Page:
The city is in the best position I have ever seen. It is surrounded for two leagues by a magnificent plain, and beyond that by beautiful mountains and hills where most have summer residences. 

Michel de Montaigne in 1581

A jewel in Tuscany’s crown, Lucca stands in a sunny and fertile valley, where one of the main rivers of the region flows, the Serchio.

Known for its artistic beauty and striking surroundings, the city has much to offer its numerous visitors: quiet walks between – and on top of – its renowned city walls, various artistic and cultural events, many beautiful piazzas with cafés and trattorias, delightful shopping …

read on below: about Lucca’s history

Settembre Lucchese

A month-long celebration that brings together tradition, religiosity, culture, art and history.
September has always been synonymous with great vitality for Lucca, the period of greatest appeal both for tourists and locals.

It really begins in August already, with the Notte Bianca which will see the city alive until late at night, with concerts, exhibitions and performances.

Photo by Tuscany Blogspot. Read more about the festival on their blog. 

Lucca boasts a long history, beginning in 180 BC, when it was declared a Roman colony, following a period as a Ligurian, and then as an Etruscan settlement.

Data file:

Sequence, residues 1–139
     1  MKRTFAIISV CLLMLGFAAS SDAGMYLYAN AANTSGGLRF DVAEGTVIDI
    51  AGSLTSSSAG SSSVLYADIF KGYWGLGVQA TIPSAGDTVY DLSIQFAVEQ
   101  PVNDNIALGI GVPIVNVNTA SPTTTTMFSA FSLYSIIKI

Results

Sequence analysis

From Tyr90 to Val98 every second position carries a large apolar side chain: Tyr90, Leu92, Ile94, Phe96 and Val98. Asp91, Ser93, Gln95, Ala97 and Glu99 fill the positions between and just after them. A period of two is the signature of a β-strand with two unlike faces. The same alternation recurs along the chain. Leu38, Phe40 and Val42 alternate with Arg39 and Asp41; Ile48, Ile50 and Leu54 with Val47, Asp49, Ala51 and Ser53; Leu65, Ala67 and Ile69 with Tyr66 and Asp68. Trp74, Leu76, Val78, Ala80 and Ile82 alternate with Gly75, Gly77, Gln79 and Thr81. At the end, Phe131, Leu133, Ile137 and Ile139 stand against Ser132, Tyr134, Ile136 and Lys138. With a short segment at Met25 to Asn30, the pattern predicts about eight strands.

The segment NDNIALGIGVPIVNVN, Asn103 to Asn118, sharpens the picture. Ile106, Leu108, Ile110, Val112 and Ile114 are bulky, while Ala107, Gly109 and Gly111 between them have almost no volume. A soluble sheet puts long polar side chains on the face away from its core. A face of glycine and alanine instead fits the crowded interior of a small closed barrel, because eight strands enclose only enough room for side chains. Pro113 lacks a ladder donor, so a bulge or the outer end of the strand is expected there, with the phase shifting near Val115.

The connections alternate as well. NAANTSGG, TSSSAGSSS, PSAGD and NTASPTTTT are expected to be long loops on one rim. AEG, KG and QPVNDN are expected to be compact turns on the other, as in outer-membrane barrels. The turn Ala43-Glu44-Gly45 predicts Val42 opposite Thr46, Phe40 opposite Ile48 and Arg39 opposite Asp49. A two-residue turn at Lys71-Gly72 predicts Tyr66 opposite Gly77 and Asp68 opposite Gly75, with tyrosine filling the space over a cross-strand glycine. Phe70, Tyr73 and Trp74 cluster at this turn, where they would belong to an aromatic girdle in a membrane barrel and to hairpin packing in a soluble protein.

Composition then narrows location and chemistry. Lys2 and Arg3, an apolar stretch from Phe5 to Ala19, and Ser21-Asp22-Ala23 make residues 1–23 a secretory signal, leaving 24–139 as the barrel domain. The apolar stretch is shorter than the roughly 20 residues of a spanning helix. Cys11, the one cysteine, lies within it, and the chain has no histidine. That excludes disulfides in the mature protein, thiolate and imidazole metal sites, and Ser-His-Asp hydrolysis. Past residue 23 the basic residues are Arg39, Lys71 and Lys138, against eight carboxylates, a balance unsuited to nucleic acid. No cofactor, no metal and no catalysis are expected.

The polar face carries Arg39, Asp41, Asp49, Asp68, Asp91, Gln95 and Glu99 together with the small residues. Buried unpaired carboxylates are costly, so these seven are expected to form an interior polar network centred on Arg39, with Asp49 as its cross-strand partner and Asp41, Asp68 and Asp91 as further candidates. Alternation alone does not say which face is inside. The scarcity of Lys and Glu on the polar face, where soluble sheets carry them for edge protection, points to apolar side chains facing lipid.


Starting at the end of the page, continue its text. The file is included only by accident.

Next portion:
After the fall of the Roman Empire and the city’s conquest by the Goths, in the 6th century it was made the capital of the Lombard Duchy of Tuscany.

When the latter collapsed, the city established itself as a free commune, and subsequently, as the power of the new merchant class increased, as a podesteria (a city state governed by an elected magistrate).

During this time the city took on a leading role in Europe for commerce, due to the development of the silk industry, to a very active banking trade, and to its privileged position as one of the main stopping places for pilgrims travelling along the Via Francigena.

Involved in the wars between Pisa and Florence, and between the Guelphs and Ghibellines, it became a republic in 1430.

This period of independence ended, however, in 1805, when Napoleon set up the Principality of Lucca and Piombino, which he assigned to his sister Elisa and her husband.

Following the Vienna Congress and the Restoration, though, the Duchy of Lucca was created. It was assigned to the Bourbons of Parma and, after becoming part of the Grand Duchy of Tuscany, it was annexed to the Kingdom of Italy in 1860. These feudal families are mentioned in the Divine Comedy, by Dante Alighieri, who spent many years in Lucca during his exile.

The historical centre, with its narrow houses, numerous squares and its “hundred churches”, is one of the best preserved in Italy, testifying to a past full of history, tradition and culture.

The appeal of the buildings, churches and structures of this city lies in the perfect sequence of styles: from Roman to Gothic, from Romanesque to Baroque, to Neo- classical.

With its characteristic Clock Tower and imposing Guinigi Tower rising above its rooftops, Lucca is a dynamic city, but also a haven of peace and quiet.

Far from a hectic, stressful experience, a visit to the centre of the city means a calm stroll through its typical narrow streets, a cycle ride along the surrounding city wall, an evening in one of its many taverns tasting local dishes, and absorbing the atmosphere of this splendid old town, guarded and protected by its imposing walls.

Despite its modest size, there is a lot to discover in Lucca!


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